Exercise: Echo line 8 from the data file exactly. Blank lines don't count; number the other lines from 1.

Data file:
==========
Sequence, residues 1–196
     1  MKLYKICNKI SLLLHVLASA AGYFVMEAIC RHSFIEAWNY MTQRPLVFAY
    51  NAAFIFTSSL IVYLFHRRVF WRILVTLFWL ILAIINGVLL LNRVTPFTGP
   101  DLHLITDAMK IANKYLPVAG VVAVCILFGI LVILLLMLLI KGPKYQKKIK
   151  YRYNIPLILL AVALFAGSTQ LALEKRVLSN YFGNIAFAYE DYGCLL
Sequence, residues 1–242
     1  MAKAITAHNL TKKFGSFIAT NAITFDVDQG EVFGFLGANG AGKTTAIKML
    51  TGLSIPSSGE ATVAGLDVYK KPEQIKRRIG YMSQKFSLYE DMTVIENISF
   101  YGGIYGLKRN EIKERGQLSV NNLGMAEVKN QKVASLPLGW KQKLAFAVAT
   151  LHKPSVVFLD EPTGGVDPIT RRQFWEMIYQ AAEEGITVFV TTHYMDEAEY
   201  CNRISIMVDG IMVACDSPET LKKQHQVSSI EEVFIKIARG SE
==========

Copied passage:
    51  TGLSIPSSGE ATVAGLDVYK KPEQIKRRIG YMSQKFSLYE DMTVIENISF